$\displaystyle =$ $\displaystyle \lceil 2^{m-1-expo(x)}x\rceil 2^{expo(x)+1-m}$  
  $\displaystyle =$ $\displaystyle RAZ(x,m).$  

  (plus-raz) Let $ x \in \mathbb{R}$, $ y \in \mathbb{R}$, and $ k \in \mathbb{Z}$. If $ x \geq 0$, $ y \geq 0$, and $ x$ is $ (k+expo(x)-expo(y))$-exact, then

$\displaystyle x+RAZ(y,k) = RAZ(x+y,k+expo(x+y)-expo(y)).$

PROOF: Let $ n = k+expo(x)-expo(y)$. Since $ x$ is $ n$-exact,

$\displaystyle x2^{k-1-expo(y)} = x2^{n-1-expo(x)} \in \mathbb{Z}.$

Let $ k' = k+expo(x+y)-expo(y)$. Then by Lemma 1.1.13,
$\displaystyle x+RAZ(y,k)$ $\displaystyle =$ $\displaystyle x+\lceil 2^{k-1-expo(y)}y \rceil 2^{expo(y)+1-k}$  
  $\displaystyle =$ $\displaystyle (x2^{k-1-expo(y)}+\lceil 2^{k-1-expo(y)}y \rceil) 2^{expo(y)+1-k}$  
  $\displaystyle =$ $\displaystyle \lceil 2^{k-1-expo(y)}(x+y) \rceil 2^{expo(y)+1-k}$  
  $\displaystyle =$ $\displaystyle \lceil 2^{k'-1-expo(x+y)}(x+y) \rceil 2^{expo(x+y)+1-k'}$  
  $\displaystyle =$ $\displaystyle RAZ(x+y,k').$  

  (minus-rtz-raz) Let $ x \in \mathbb{R}$, $ y \in \mathbb{R}$, and $ k \in \mathbb{Z}$. If $ x>y>0$, $ k + expo(x-y) - expo(y) > 0$, and $ x$ is $ (k+expo(x)-expo(y))$-exact, then

$\displaystyle x-\mathit{RTZ}(y,k) = RAZ(x-y,k+expo(x-y)-expo(y)).$

PROOF: Let $ n = k+expo(x)-expo(y)$. Since $ x$ is $ n$-exact,

$\displaystyle x2^{k-1-expo(y)} = x2^{n-1-expo(x)} \in \mathbb{Z}.$

Let $ k' = k+expo(x-y)-expo(y)$. Then by Lemma 1.1.4,
$\displaystyle x-\mathit{RTZ}(y,k)$ $\displaystyle =$ $\displaystyle x-\lfloor 2^{k-1-expo(y)}y \rfloor 2^{expo(y)+1-k}$  
  $\displaystyle =$ $\displaystyle -(\lfloor 2^{k-1-expo(y)}y \rfloor - x2^{k-1-expo(y)}) 2^{expo(y)+1-k}$  
  $\displaystyle =$ $\displaystyle -\lfloor 2^{k-1-expo(y)}(y-x) \rfloor 2^{expo(y)+1-k}$  
  $\displaystyle =$ $\displaystyle -\lfloor 2^{k'-1-expo(y-x)}(y-x) \rfloor 2^{expo(y-x)+1-k'}$  
  $\displaystyle =$ $\displaystyle -\mathit{RTZ}(y-x,k')$  
  $\displaystyle =$ $\displaystyle \mathit{RTZ}(x-y,k').$  

The following result combines Lemmas 6.1.17 and 6.2.22.

  (rtz-plus-minus) Let $ x \in \mathbb{R}$ and $ y \in \mathbb{R}$ such that $ x \neq 0$, $ y \neq 0$, and $ x+y \neq 0$. Let $ k \in \mathbb{Z}$,

$\displaystyle k' = k+expo(x)-expo(y),$

and

$\displaystyle k” = k+expo(x+y)-expo(y).$

If $ k”>0$, and $ x$ is $ k'$-exact, then

$\displaystyle x+\mathit{RTZ}(y,k) = \left\{\begin{array}{ll}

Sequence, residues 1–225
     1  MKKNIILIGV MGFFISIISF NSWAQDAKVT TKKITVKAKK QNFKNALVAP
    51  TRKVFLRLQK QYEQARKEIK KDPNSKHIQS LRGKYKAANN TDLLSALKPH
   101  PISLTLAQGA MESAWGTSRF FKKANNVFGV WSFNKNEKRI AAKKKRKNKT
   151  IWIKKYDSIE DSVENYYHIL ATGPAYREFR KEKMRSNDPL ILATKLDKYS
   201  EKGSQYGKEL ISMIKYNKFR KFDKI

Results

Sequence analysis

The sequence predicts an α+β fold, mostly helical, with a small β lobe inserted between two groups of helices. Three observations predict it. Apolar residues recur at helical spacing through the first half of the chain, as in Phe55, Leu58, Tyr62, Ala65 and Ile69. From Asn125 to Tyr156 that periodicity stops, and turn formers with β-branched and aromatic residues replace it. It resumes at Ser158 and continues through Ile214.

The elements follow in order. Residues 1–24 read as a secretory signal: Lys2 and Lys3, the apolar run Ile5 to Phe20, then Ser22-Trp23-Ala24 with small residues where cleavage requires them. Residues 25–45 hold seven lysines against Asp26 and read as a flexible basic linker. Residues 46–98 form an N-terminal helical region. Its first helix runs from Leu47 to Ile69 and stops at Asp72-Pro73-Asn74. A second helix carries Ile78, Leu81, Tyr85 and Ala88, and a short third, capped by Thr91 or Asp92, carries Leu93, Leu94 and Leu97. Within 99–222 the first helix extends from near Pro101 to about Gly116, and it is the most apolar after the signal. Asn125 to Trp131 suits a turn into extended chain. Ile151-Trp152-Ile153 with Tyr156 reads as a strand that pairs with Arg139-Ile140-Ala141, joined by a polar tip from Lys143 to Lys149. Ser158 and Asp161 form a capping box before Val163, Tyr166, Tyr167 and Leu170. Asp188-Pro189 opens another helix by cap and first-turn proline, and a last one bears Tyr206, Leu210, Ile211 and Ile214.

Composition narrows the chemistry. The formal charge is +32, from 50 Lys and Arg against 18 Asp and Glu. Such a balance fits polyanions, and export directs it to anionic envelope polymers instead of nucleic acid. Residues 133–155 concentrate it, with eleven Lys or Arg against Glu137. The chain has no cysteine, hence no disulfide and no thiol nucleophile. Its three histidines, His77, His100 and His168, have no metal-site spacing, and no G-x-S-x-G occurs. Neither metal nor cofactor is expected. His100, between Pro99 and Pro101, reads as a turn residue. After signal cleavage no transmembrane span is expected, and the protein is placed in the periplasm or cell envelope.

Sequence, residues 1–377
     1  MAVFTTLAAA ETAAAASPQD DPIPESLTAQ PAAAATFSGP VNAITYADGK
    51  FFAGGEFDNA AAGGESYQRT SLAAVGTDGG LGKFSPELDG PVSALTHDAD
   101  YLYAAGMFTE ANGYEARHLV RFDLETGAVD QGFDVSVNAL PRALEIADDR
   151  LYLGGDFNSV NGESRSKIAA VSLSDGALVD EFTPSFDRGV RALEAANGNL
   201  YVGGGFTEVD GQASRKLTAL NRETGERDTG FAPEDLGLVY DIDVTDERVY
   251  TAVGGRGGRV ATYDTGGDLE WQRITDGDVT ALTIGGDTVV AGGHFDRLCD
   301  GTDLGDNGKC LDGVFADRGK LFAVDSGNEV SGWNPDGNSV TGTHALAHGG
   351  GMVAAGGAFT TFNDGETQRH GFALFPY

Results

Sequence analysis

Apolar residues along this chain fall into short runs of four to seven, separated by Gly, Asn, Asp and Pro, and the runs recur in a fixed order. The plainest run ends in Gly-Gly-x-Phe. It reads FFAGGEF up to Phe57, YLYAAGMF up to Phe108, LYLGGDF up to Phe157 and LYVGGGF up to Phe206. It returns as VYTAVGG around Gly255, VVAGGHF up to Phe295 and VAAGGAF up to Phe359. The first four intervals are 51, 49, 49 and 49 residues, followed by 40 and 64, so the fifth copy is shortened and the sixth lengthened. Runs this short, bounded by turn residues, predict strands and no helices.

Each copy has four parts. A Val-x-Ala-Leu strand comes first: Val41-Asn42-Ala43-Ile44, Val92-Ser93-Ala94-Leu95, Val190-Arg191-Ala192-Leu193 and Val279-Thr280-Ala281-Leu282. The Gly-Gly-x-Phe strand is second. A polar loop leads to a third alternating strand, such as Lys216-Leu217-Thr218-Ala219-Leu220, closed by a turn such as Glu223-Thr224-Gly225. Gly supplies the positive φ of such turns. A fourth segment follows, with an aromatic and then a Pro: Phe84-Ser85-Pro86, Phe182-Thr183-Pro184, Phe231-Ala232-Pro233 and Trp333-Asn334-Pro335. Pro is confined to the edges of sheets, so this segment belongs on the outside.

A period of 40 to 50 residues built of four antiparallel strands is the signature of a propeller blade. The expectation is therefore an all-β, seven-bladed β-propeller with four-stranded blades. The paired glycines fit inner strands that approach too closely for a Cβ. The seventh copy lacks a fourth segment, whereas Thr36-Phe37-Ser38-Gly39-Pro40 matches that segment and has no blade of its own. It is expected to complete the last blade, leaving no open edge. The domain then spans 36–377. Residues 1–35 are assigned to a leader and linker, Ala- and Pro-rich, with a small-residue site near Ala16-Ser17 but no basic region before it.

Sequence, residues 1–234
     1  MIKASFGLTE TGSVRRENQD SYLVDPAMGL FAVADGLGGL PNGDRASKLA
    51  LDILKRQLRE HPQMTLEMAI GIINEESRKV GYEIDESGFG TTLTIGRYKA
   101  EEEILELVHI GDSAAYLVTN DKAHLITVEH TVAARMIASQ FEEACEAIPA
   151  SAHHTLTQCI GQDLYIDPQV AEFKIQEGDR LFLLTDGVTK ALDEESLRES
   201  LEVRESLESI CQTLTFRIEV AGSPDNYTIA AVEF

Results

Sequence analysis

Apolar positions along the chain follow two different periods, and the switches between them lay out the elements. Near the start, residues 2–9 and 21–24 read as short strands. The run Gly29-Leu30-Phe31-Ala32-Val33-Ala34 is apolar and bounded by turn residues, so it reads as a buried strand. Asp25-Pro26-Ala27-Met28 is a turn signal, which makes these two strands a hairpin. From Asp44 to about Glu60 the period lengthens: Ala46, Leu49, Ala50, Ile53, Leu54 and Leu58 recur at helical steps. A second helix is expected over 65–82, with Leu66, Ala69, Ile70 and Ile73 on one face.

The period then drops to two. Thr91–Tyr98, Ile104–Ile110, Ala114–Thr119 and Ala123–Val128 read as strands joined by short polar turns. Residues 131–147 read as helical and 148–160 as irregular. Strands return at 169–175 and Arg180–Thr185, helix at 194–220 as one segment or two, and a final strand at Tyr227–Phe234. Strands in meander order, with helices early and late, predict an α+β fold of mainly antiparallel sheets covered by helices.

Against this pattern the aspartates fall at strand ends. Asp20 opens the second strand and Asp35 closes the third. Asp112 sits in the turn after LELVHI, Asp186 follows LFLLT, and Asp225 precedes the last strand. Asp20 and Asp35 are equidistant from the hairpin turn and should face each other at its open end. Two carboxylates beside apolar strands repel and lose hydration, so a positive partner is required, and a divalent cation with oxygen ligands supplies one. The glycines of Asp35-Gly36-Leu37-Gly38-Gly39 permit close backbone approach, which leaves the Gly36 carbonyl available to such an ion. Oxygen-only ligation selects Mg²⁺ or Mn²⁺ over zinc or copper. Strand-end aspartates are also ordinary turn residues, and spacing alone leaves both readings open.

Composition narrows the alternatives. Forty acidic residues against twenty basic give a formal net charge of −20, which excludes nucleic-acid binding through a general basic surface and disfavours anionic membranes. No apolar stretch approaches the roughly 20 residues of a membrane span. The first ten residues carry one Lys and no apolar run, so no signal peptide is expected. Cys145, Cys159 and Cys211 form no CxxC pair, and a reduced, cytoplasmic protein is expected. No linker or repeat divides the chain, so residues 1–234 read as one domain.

\mathit{RTZ}(x+y,...
...gn(y)$}\\
RAZ(x+y,k”) & \mbox{if $sgn(x+y)\neq sgn(y)$}. \end{array} \right.$

PROOF: By Lemmas 6.1.3 and 6.2.2, we may assume that $ x>0$. The case $ y > 0$ is handled by Lemma 6.1.16. For the case $ y<0$, Lemmas 6.1.17 and 6.2.22 cover the subcases $ -y>x$ and $ -y<x$, respectively. 


We turn now to the problem of bit-level implementation of rounding. Truncation, according to Lemma 6.1.18, is equivalent to a bit slice operation, which may be implemented as a logical operation using Corollary 6.1.21. Other rounding modes may be reduced to the case of truncation by a method known as constant injection. Let $ x$ be $ m$-exact with $ expo(x) = e$, say

$\displaystyle x = (1.\beta_1\beta_2\cdots\beta_{n-1})_2\cdot 2^e,$

to be rounded to $ n$ bits, where $ n \leq m$, according to a rounding mode $ {\cal R}$. Our goal is to construct a rounding constant $ {\cal C}$, depending on $ m$, $ n$, $ e$, and $ {\cal R}$, such that

$\displaystyle {\cal R}(x,n) = \mathit{RTZ}(x+{\cal C},n).$

The appropriate constant for the case $ {\cal R} = RAZ$ is

$\displaystyle {\cal C} = 2^e(2^{-(n-1)} - 2^{-(m-1)}) = 2^{e+1}(2^{-n}-2^{-m}),$

which consists of a string of 1's at the bit positions corresponding to the least significant $ m-n$ bits of $ x$, as illustrated below.


\begin{picture}(120,55)(-25,20)\setlength{\unitlength}{2mm}
\par
\put(10,10){...
...\put(33.4,8){$\times \:\:\:2^e$}
\par
\put(10,6.8){\line(1,0){27}}
\end{picture}

As suggested by the diagram, the addition $ x+{\cal C}$ generates a carry into the position of $ \beta_{n-1}$ unless $ \beta_n = \cdots =
\beta_{m-1} = 0$, i.e., unless $ x$ is $ n$-exact, and $ x$ is rounded up accordingly. This observation is formalized by the following lemma.

  (raz-imp) Let $ x \in \mathbb{R}$, $ m \in \mathbb{N}$, and $ n \in \mathbb{N}$. If $ x$ is $ m$-exact, $ x>0$, and $ m \geq n > 0$, then

$\displaystyle RAZ(x,n) = \mathit{RTZ}(x+2^{expo(x)+1}(2^{-n}-2^{-m}),n).$

PROOF: Let $ a = \mathit{RTZ}(x+2^{expo(x)+1}(2^{-n}-2^{-m}),n)$. Since $ a$ and $ RAZ(x,n$ are both $ n$-exact and

$\displaystyle a < x+2^{expo(x)+1-n} \leq RAZ(x,n) + 2^{expo(RAZ(x,n))+1-n},$

$ a \leq RAZ(x,n)$ by Lemma 4.2.16.

If $ x$ is $ n$-exact, then $ a \geq \mathit{RTZ}(x,n) = x = RAZ(x,n)$, and hence $ a = RAZ(x,n)$. Thus, we may assume $ x$ is not $ n$-exact. But then since $ x>\mathit{RTZ}(x,n)$ and $ x$ is $ m$-exact,

$\displaystyle x \geq \mathit{RTZ}(x,n) + 2^{expo(x)+1-m}$

and hence

$\displaystyle x+2^{expo(x)+1}(2^{-n}-2^{-m}) \geq \mathit{RTZ}(x,n) + 2^{expo(x)+1-n} = RAZ(x,n),$

which implies $ a \geq RAZ(x,n)$


David Russinoff 2017-08-01